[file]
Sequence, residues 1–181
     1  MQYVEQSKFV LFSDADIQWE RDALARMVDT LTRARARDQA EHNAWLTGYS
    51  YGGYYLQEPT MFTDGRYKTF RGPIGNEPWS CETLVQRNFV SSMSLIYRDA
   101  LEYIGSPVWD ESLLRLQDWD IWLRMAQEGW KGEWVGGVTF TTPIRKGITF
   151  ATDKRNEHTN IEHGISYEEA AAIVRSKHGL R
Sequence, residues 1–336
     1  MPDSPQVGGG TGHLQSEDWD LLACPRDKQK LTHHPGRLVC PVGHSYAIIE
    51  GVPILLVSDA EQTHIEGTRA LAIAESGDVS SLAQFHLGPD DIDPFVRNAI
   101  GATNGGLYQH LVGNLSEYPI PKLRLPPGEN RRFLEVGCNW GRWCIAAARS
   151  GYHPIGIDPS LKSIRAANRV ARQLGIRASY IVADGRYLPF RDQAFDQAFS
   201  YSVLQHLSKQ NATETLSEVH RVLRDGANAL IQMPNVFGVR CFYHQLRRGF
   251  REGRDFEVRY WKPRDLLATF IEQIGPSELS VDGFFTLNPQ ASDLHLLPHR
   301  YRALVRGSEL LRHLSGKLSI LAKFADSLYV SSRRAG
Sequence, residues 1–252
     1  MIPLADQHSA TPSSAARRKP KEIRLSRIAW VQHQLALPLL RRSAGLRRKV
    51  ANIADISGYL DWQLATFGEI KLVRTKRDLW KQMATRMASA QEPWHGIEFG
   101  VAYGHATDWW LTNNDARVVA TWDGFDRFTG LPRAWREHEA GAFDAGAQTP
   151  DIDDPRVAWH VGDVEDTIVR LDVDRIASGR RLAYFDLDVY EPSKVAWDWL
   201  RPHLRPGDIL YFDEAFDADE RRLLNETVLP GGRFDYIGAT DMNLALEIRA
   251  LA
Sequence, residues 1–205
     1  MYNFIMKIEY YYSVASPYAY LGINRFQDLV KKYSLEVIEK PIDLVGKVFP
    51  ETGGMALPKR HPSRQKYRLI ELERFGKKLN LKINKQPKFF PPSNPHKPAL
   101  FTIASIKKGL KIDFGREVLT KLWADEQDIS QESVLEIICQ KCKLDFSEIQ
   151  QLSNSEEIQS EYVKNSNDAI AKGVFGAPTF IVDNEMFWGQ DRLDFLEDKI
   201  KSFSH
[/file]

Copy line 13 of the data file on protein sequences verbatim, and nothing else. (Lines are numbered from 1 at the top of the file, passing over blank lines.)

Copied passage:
   301  YRALVRGSEL LRHLSGKLSI LAKFADSLYV SSRRAG